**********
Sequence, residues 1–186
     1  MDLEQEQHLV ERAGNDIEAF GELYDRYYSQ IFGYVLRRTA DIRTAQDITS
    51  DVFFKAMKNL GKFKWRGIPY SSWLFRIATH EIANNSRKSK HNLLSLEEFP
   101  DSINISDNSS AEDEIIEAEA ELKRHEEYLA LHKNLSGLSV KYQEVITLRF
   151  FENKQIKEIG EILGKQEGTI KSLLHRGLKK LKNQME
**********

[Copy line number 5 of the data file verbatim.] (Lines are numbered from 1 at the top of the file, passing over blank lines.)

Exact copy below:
   151  FENKQIKEIG EILGKQEGTI KSLLHRGLKK LKNQME